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School CP - November 2007
wtok.com (News 11 WTOK-TV), Meridian, Mississippi, 9 November 2007
Parents Object to Paddling
Reporter: Lindsey Brown
And according to the parents, it was over an incomplete school assignment. They say their son has severe bruises on his buttocks and marks on his legs from a belt.
The parents say they took the child to the Watkins Memorial Hospital emergency room to be checked out.
As for the district, superintendent Suzanne Hawley told Newscenter 11 Friday that she can't confirm personnel matters, but that the incident is being investigated.
Hawley did confirm that the principal wasn't at school Friday.
The parents have since obtained legal counsel and backed out of a scheduled interview.
The parents say the school had permission to paddle their son, only if they were first notified, and they say that didn't happen Thursday.
Copyright © 2002-2007 - Gray Television Group, Inc.
Clarion-Ledger, Jackson, Mississippi, 13 November 2007
Trial set in corporal punishment case involving educator
Ex-principal allegedly bruised 18-year-old Maben girl during paddling
By Shelia Byrd
A Maben woman hopes the trial of a former East Webster High School principal will push education officials to abolish corporal punishment.
Bill Brand, now a teacher at the high school in Webster County, was scheduled to be tried on simple assault charges Wednesday in Justice Court.
However, Hugh Gibson, the attorney for the Webster County School Board, said he expected the trial to be rescheduled.
The charges stem from a March 2007 incident in which 18-year-old Audrey Pee was paddled for violating a school dress code.
Audrey's mother, Linda Pee of Maben, said Brand struck her daughter twice, leaving her bruised from the paddling.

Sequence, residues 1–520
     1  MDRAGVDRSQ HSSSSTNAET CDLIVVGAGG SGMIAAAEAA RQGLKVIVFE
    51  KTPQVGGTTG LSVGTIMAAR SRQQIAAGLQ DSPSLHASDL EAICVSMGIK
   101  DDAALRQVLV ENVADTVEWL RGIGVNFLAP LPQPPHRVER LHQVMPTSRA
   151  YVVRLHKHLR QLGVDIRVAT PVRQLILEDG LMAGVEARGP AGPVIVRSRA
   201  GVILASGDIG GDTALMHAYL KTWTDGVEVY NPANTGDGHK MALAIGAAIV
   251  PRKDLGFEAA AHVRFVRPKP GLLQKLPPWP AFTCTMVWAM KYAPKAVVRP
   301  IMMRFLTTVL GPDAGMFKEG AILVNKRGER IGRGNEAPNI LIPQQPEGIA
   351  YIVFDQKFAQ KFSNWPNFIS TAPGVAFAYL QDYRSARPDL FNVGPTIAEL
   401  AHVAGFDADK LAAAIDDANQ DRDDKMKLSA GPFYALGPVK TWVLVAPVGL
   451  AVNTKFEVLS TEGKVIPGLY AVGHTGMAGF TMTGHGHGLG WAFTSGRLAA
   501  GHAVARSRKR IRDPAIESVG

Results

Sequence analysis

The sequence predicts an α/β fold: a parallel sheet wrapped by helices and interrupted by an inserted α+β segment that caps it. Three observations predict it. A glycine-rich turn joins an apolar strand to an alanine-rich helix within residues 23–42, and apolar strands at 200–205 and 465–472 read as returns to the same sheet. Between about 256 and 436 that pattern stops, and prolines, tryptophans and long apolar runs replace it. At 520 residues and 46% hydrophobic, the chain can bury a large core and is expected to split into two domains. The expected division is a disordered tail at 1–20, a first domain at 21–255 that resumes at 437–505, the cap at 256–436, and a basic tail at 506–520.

She said her daughter also was paddled by Brand six years ago.
"I feel that he poses a threat," Linda Pee said Monday. "He's a danger to every child in that school as long as he's able to paddle them."
She said she wants school officials to ban corporal punishment.
Pee said she signed a notification slip that informed school officials she did not want her daughter to be paddled.
Gibson disputed that claim, saying Audrey Pee's name was not on the school's "do not spank" list. Gibson said the allegation Brand paddled the student too severely has raised concerns about the paddling policy.
"The big issue is how would anyone ever spank a child without worrying if it is too severe?" Gibson said.
Gibson said he would recommend the board eliminate the "do not spank" list. He said the board revised its policy this year to require parents to make a personal visit to schools to decline corporal punishment for their children.
Jimmy Pittman, superintendent of Webster County schools, would not comment about the case or the district's corporal punishment policy.
Audrey Pee was paddled after she wore a pair of sweat pants that exposed her ankles to school, her mother said.
Linda Pee said the dress code rule against cropped pants was adopted on a day when her daughter was absent and was not mentioned in the student handbook.
She said Brand did not check the school's "do not spank" list, but instead asked her daughter if she was on it. Audrey Pee told him she was not on the list, her mother said.
"She knew I signed the form and she took the form back to school," Linda Pee said.
"I think they destroyed the form after he paddled her because it was not in the folder after I called him."
Linda Pee also alleged Audrey Pee suffered retaliation for the charges against Brand. The teenager did not graduate this spring after failing a geometry course, her mother said.
In Webster County, 346 of the about 2,000 students in the district were paddled during the 2006-07 school year, according to the state Department of Education.
© 2007 The Clarion-Ledger
Dallas Morning News, Texas, 29 November 2007
Caddo Mills student says high school's paddling punishment left marks
By Karin Shaw Anderson
Rick Walden chose the brick home at the end of a blacktop lane because Caddo Mills schools are good, and the house was within sight of those campuses nestled in rural East Texas.
"I thought it would be safe for my two boys," Mr. Walden said.
He's since changed his mind.
Mr. Walden and his 15-year-old son, Jay, filed a complaint Tuesday with the Caddo Mills Police Department. It accuses Caddo Mills High School principal Brian McKamy of using excessive force when he paddled Jay on Nov. 7 after a dress code violation.
Repeated phone calls to Mr. McKamy's office and home were not returned. Caddo Mills ISD superintendent Vicki Payne also declined to comment.
Dennis Eichelbaum, the school district's attorney, said federal law prohibits him from discussing the paddling incident. He said school officials appeared to have followed the right policies and procedures.
Caddo Mills city attorney Andy Messer said police are investigating the criminal complaint. But he said no charges have been filed against Mr. McKamy.